Outdoor Exhibits Promote Wildlife Safety
Any trip to Yellowstone can be a magical experience, but many people find that the more opportunities they have to learn about the park and its treasures, the more enthralled they are by what they see. Yellowstone offers a broad continuum of educational services, ranging from visitor centers and ranger-led programs, to podcasts and self-guided trail maps. Wayside exhibits are among the most convenient and cost-effective ways of reaching visitors because they are available 24 hours per day, year-round.
These roadside or trailside exhibits offer interesting information in site-specific contexts. Recently, the Yellowstone Park Foundation funded several new exhibits, installed this past spring, to help visitors learn more about park mammals and how to view them safely.
Large mammals -- primarily elk and bison, but occasionally coyotes, wolves, and bears -- are seasonally very visible in the Mammoth Hot Springs area. This presence of interesting mammals draws large numbers of curious visitors but also presents serious dangers to people and wildlife alike. In the fall, male elk can be particularly aggressive. Two new exhibits on elk are located along major visitor pedestrian routes in Mammoth, and provide information about these majestic animals along with vital safety messages.
The spring calving season also poses dangers; cow elk often hide their young while they graze or rest nearby, and they are extremely protective of their calves. To educate visitors about this hidden danger, the elk rut exhibit will be exchanged seasonally with an exhibit about spring calving.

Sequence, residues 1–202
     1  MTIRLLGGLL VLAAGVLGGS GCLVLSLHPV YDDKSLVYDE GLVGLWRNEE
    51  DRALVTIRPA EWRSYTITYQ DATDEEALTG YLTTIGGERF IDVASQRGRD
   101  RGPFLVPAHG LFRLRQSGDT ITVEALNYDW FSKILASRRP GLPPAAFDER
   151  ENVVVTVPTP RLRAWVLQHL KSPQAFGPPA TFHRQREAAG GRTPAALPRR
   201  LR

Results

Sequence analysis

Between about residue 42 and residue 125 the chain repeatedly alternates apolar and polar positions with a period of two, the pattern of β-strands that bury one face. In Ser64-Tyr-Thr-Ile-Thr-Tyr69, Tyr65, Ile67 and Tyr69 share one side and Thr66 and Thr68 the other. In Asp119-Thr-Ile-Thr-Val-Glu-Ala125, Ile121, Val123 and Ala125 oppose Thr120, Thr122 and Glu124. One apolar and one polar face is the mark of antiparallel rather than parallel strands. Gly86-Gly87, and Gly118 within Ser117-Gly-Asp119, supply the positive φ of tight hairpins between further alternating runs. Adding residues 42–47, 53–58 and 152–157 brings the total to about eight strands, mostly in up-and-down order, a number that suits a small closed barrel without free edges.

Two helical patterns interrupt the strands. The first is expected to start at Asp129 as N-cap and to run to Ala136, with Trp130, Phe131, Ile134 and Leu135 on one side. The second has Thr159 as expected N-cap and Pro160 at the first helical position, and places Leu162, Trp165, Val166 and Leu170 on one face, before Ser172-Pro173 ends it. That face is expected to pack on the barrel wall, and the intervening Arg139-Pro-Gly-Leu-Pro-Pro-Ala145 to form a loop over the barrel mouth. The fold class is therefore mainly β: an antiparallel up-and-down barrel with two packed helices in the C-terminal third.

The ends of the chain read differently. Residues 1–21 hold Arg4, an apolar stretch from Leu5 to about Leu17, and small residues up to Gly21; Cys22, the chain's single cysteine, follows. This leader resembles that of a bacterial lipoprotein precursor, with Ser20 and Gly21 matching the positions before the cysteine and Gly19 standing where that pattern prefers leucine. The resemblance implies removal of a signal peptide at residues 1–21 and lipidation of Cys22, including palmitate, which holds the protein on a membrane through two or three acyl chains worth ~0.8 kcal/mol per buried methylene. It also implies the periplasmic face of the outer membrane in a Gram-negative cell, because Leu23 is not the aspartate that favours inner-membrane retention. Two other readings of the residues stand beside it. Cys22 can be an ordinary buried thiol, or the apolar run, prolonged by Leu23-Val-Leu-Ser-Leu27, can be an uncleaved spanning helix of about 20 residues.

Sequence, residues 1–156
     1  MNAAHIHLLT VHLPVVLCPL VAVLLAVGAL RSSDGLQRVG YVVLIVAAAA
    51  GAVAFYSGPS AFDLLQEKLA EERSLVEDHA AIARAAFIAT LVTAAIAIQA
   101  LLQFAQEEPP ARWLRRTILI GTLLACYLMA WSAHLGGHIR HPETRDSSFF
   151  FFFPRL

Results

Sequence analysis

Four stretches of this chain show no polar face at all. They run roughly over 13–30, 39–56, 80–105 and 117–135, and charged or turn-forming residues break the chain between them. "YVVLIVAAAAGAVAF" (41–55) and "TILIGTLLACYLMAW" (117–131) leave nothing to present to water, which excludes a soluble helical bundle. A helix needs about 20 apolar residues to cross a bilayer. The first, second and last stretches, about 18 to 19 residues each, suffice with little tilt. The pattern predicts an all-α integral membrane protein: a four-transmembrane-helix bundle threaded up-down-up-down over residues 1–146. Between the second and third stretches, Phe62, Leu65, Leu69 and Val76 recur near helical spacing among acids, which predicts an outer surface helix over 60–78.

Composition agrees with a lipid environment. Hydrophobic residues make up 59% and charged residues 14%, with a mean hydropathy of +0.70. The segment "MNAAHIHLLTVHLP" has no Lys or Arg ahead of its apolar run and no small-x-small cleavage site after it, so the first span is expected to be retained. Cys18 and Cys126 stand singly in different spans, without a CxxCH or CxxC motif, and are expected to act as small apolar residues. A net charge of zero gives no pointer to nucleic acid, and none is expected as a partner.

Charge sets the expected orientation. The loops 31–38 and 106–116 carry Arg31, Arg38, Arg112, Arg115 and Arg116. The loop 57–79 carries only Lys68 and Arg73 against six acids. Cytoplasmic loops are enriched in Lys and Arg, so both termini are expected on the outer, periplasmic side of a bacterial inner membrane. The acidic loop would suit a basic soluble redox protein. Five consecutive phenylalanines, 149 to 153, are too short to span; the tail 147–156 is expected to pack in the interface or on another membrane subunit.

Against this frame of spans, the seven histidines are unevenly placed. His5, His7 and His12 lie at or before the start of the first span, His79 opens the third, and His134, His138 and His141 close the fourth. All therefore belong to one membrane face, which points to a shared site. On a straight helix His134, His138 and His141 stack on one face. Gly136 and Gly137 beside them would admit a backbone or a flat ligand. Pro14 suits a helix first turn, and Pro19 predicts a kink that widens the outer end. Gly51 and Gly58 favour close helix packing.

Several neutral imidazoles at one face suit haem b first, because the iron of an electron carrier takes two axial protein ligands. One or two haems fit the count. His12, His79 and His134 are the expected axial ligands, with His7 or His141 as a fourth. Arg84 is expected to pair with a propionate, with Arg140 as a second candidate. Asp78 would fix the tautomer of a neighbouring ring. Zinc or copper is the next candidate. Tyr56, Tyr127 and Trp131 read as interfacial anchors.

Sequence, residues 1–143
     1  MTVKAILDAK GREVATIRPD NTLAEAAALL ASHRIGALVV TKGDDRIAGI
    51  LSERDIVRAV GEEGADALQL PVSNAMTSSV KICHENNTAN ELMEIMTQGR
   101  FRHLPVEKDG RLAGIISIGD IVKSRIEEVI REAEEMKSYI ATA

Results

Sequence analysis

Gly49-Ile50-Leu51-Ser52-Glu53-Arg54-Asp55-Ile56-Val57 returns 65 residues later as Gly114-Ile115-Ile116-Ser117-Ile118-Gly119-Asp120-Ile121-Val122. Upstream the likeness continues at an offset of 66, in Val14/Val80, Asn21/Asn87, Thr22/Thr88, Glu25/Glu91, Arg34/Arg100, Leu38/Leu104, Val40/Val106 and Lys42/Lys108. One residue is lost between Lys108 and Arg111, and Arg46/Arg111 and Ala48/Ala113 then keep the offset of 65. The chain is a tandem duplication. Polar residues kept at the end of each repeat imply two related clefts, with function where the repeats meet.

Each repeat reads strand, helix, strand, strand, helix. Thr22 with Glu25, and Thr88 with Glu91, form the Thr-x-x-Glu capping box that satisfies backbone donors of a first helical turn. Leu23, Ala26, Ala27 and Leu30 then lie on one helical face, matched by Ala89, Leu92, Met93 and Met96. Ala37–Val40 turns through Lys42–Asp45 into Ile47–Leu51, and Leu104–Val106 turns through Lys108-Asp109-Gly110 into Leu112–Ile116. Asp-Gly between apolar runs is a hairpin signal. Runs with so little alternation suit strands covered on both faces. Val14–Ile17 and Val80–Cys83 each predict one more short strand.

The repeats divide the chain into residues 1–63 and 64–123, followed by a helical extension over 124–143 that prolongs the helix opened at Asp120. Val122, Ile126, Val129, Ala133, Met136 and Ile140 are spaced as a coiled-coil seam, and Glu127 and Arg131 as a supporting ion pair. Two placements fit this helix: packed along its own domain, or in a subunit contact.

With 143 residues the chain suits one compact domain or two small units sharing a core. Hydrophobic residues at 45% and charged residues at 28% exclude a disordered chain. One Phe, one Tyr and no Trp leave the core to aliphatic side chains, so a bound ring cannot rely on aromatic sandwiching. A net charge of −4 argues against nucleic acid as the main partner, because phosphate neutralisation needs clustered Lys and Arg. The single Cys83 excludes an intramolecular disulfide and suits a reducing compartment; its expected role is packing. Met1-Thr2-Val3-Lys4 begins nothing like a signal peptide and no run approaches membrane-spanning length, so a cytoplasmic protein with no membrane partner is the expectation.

Three additional wayside exhibits in the Hayden Valley interpret the natural history and habitat of the Hayden Valley bison herd -- one of the major populations of bison in Yellowstone. Currently, visitors often see bison from the road as they drive through Hayden Valley, but do not have readily accessible information to help them appreciate the significance of what they are seeing.
The year-round cycle of migration, calving, and the mating season known as the "rut", as well as the role in the ecosystem, are presented on the exhibit panels, alongside safety messages designed to prevent dangerous encounters with bison -- particularly during the rut in late July and August.
These new wayside exhibits are part of a long term, comprehensive effort to help Yellowstone National Park visitors learn about wildlife, and to present vital visitor safety information that helps protect these precious wildlife populations for future generations.